Hawaii Senate passes gay marriage bill; if signed into law same-sex nuptials could begin Dec. 2

HONOLULU - The Hawaii state Senate has passed a bill legalizing gay marriage, putting the islands a signature away from becoming a same-sex wedding destination.

Legislators passed the bill Tuesday during a special session, and Gov. Neil Abercrombie has said he will sign it.

The measure will allow thousands of gay couples living in Hawaii and even more tourists to marry in the state starting Dec. 2.

An estimate from a University of Hawaii researcher says the law will boost tourism by $217 million over the next three years.

Senators passed the bill 19-4 with two lawmakers excused. The chamber took up the bill a second time because of changes made in the House, where the bill was amended and eventually passed.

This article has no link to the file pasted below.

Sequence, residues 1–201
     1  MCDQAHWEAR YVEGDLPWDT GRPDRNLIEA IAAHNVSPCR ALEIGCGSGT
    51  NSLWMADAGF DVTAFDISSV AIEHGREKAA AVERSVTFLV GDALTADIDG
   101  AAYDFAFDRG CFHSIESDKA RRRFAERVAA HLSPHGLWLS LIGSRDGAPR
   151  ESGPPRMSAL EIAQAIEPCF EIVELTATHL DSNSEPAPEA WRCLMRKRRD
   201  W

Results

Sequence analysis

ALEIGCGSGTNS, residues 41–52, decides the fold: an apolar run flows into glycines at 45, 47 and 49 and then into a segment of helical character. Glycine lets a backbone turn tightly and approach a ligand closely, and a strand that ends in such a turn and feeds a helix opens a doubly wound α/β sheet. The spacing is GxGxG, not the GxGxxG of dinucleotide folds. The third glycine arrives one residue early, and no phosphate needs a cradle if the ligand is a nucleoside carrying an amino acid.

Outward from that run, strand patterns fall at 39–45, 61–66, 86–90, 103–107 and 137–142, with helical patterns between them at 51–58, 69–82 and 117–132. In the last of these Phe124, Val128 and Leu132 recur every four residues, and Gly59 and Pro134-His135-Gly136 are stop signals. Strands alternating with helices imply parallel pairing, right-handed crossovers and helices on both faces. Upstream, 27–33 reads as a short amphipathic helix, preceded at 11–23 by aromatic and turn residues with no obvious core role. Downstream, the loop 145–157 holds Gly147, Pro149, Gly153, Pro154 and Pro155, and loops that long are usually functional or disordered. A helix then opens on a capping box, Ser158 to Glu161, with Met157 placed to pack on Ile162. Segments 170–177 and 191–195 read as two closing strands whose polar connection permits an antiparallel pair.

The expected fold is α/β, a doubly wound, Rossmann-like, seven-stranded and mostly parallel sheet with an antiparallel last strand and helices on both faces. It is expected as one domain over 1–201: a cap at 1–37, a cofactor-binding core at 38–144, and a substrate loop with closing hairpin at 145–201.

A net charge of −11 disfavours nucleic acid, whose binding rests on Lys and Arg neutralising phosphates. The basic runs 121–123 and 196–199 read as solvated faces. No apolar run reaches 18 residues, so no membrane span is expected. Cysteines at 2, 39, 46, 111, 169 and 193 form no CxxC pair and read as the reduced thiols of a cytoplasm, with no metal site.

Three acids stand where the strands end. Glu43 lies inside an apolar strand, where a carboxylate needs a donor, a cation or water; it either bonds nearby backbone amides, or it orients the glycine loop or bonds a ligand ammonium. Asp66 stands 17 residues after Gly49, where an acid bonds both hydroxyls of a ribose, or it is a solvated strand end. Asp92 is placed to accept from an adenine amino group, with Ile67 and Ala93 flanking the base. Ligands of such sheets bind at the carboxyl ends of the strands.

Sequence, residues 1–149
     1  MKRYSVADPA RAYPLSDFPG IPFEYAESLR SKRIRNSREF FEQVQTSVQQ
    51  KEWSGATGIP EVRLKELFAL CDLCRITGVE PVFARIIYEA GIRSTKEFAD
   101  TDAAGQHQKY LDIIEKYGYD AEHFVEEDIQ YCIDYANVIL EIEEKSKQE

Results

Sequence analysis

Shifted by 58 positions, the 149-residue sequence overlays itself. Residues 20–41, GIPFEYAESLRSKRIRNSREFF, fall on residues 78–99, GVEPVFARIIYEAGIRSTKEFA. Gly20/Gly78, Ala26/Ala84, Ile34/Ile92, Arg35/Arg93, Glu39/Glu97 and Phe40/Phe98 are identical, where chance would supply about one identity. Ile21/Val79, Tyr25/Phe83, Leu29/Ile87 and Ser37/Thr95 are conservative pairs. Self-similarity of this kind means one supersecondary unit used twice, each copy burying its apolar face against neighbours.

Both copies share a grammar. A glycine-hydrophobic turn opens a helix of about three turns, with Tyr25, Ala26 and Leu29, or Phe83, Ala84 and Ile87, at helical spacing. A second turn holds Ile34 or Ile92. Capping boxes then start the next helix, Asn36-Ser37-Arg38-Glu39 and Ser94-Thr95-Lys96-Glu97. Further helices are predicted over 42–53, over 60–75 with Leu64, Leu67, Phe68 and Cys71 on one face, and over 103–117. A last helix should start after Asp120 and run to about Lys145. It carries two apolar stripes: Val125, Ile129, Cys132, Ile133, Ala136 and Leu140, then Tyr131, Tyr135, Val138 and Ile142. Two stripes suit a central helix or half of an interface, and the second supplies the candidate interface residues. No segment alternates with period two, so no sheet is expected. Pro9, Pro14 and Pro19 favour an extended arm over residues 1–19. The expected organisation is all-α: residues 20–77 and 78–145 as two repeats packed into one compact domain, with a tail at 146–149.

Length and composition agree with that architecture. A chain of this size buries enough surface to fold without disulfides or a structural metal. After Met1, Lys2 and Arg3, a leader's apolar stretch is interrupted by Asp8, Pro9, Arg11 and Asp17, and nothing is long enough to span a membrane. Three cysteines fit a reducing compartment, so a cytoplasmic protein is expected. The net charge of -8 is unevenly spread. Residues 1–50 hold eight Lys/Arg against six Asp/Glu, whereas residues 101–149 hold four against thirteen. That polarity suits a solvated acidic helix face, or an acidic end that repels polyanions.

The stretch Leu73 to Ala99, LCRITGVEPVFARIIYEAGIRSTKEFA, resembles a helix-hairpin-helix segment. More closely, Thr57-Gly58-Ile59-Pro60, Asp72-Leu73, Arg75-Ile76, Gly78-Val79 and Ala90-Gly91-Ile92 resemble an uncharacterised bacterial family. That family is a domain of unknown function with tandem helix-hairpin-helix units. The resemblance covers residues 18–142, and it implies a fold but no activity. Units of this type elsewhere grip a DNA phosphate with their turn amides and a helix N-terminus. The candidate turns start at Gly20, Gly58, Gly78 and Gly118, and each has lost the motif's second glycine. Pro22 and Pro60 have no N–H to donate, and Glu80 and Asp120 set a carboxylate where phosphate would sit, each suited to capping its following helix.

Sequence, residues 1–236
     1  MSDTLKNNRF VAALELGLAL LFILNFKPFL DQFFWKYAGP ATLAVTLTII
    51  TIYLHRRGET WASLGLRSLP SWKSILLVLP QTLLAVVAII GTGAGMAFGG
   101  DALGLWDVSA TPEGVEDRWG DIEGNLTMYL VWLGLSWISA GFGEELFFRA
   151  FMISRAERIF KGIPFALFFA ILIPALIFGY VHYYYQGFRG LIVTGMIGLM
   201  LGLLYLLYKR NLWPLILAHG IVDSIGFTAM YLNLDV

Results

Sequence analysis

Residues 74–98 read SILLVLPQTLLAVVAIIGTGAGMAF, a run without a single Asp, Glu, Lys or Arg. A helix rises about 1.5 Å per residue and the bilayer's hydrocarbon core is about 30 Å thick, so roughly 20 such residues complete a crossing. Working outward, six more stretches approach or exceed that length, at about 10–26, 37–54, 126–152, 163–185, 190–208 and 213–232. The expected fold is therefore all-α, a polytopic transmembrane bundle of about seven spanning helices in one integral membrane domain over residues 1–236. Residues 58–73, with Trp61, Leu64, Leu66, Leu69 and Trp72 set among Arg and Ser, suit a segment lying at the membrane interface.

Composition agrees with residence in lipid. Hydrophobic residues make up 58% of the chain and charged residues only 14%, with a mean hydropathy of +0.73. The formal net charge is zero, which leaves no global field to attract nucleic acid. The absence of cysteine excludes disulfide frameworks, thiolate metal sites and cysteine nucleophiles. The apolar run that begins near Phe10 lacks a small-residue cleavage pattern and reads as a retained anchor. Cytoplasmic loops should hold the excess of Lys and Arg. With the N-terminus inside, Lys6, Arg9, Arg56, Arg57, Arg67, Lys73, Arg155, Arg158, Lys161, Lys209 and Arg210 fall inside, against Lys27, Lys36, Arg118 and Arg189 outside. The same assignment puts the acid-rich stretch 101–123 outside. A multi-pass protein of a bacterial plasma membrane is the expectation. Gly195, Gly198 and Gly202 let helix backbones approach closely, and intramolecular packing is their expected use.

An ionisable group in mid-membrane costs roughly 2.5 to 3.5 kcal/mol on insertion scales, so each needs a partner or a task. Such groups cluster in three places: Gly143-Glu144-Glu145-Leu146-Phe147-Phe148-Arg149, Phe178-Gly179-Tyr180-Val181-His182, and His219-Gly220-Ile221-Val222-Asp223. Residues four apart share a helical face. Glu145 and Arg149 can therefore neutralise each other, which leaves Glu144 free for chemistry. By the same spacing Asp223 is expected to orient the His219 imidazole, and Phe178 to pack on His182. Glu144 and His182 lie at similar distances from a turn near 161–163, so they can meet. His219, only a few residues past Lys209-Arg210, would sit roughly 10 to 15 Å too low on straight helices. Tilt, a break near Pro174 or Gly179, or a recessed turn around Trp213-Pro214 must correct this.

The bill is the culmination of more than two decades of debate in the state, where two women in 1990 famously applied for a marriage license, touching off a court battle and eventual national discussion on gay marriage. The case led to Congress passing the Defense of Marriage Act in 1996, part of which was struck down earlier this year by the U.S. Supreme Court. The decision that legally married same-sex couples could qualify for federal benefits led Abercrombie to call the special session in Hawaii.

Same-sex marriage is already legal in 14 states and Washington, DC.

For more on the vote watch the video below (mobile users: http://bit.ly/1aEbE53):

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